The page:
This is a screen grab series closely looking at what I'm trying to achieve.
Tuesday, 31 January 2012
Monday, 30 January 2012
I'm looking at the BBC One idents to get a closer idea of the way they present their logo at the end of their adverts and indents. I aim to recreate the way the BBC logo appears at the end of each ident to make it more authentic and appropriate.
Really simple ideas and actions but they all remain true to the foundation of the identity of BBC One. The idents are family friendly, pretty much all of them just have the BBC One logo at the end and nothing else but I would put that down to it being a non programme specific ident.
I want to make a simpler version of the circular shapes that appear and rotate subtly for my idents and I'm basing my story boarding around the idea that they will all end up in some form of a circle.
Friday, 20 January 2012
Tuesday, 17 January 2012
This is a bit cheesy and not the aesthetic I'm going for however it is a good example of the type of collage I want to incorporate into my title sequence. Plus it has a panda bear in the animation.
This one is closer to the design direction I'm heading in, ignoring the bits that are full motion cartoons. I like the shifts in the sequence and the use of the Chinese characters to create different platforms and scenery in the sequence.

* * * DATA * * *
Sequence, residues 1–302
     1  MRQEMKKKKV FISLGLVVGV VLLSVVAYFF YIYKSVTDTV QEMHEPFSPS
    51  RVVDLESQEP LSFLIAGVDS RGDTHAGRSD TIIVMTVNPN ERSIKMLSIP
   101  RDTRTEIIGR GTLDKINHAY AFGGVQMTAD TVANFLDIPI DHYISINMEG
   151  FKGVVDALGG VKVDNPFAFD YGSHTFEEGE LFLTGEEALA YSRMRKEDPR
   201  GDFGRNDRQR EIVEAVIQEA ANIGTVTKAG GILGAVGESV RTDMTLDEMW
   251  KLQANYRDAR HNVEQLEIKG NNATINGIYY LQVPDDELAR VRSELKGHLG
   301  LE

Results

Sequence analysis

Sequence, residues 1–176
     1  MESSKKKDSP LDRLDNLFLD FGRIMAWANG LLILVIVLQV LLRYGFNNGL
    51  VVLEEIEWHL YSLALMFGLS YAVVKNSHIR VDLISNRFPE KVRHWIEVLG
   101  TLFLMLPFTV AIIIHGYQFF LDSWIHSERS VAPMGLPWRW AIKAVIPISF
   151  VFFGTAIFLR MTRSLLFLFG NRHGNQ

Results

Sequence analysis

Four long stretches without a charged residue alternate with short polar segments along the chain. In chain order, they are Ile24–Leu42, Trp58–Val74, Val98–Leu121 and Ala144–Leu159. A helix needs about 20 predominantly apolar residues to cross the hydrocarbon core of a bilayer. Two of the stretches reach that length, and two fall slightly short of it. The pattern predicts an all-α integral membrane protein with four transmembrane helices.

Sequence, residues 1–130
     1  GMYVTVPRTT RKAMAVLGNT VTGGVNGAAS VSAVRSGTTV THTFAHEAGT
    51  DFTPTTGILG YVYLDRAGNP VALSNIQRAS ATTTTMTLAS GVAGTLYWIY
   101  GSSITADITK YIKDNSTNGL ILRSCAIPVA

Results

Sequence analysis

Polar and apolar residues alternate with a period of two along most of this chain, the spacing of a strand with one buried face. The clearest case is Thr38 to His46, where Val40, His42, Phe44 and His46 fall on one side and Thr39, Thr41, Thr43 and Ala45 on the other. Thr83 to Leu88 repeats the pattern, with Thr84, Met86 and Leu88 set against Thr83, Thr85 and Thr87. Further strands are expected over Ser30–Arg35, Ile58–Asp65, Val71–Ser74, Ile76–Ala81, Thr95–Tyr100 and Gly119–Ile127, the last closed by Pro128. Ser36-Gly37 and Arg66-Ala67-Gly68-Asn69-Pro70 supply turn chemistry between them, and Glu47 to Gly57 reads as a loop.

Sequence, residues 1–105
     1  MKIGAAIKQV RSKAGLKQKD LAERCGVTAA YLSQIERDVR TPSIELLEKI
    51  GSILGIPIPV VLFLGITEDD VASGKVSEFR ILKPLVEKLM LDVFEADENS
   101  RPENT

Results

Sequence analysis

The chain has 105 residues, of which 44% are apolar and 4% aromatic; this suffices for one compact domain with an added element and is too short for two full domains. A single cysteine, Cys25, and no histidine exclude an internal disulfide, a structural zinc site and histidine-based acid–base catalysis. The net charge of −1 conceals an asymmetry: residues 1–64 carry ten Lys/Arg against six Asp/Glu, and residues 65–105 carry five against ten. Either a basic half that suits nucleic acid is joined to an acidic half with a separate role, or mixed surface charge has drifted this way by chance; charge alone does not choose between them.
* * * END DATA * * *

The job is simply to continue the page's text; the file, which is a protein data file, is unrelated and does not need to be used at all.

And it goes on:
This sequence is by a really skilled motion graphic designer Dan Flynn, He has several videos on Vimeo but this one stood out amongst the rest as its combining the two styles that I've been considering for my own sequence.
I find this sequence interesting because of the constant change of environment. As the bears that form my content are from all over the world I may experiment with different shifts of colour and surroundings to accommodate particular species. Its difficult to say whether I will definitely go along with this idea as it could look far too messy by contrast.
Very Saul Bass style title sequence, this is the simplistic feeling I'm going to begin with for my work and then develop it from there as I'd rather have a finished sequence thats simple and does the job than a complex and exciting sequence that is unfinished.
This video is a collection of 5 title sequences from various films, I'm not interested in the 2nd 3rd or 5th. The 1st one uses background textures and effects that I want to investigated further and apply to my own sequence and the 5th uses lots of quick snippets of information and facts which made me think of how I could use facts on the different species of bear in my title sequence. The film is called 'The Number 23' and its a thriller about historic events which all have some tie to the number 23 so the facts are historical and relevant to the context of the films storyline of the number being tainted and cursed. This relates back to what Kyle Cooper was talking about in his interviews for 'Forget the film. Watch the Title'
Even though this is an animation Its good to see what others have done on bears already, I like the typeface used it looks almost like a scratch in the bark of a tree.
Scratchy bear, enough said.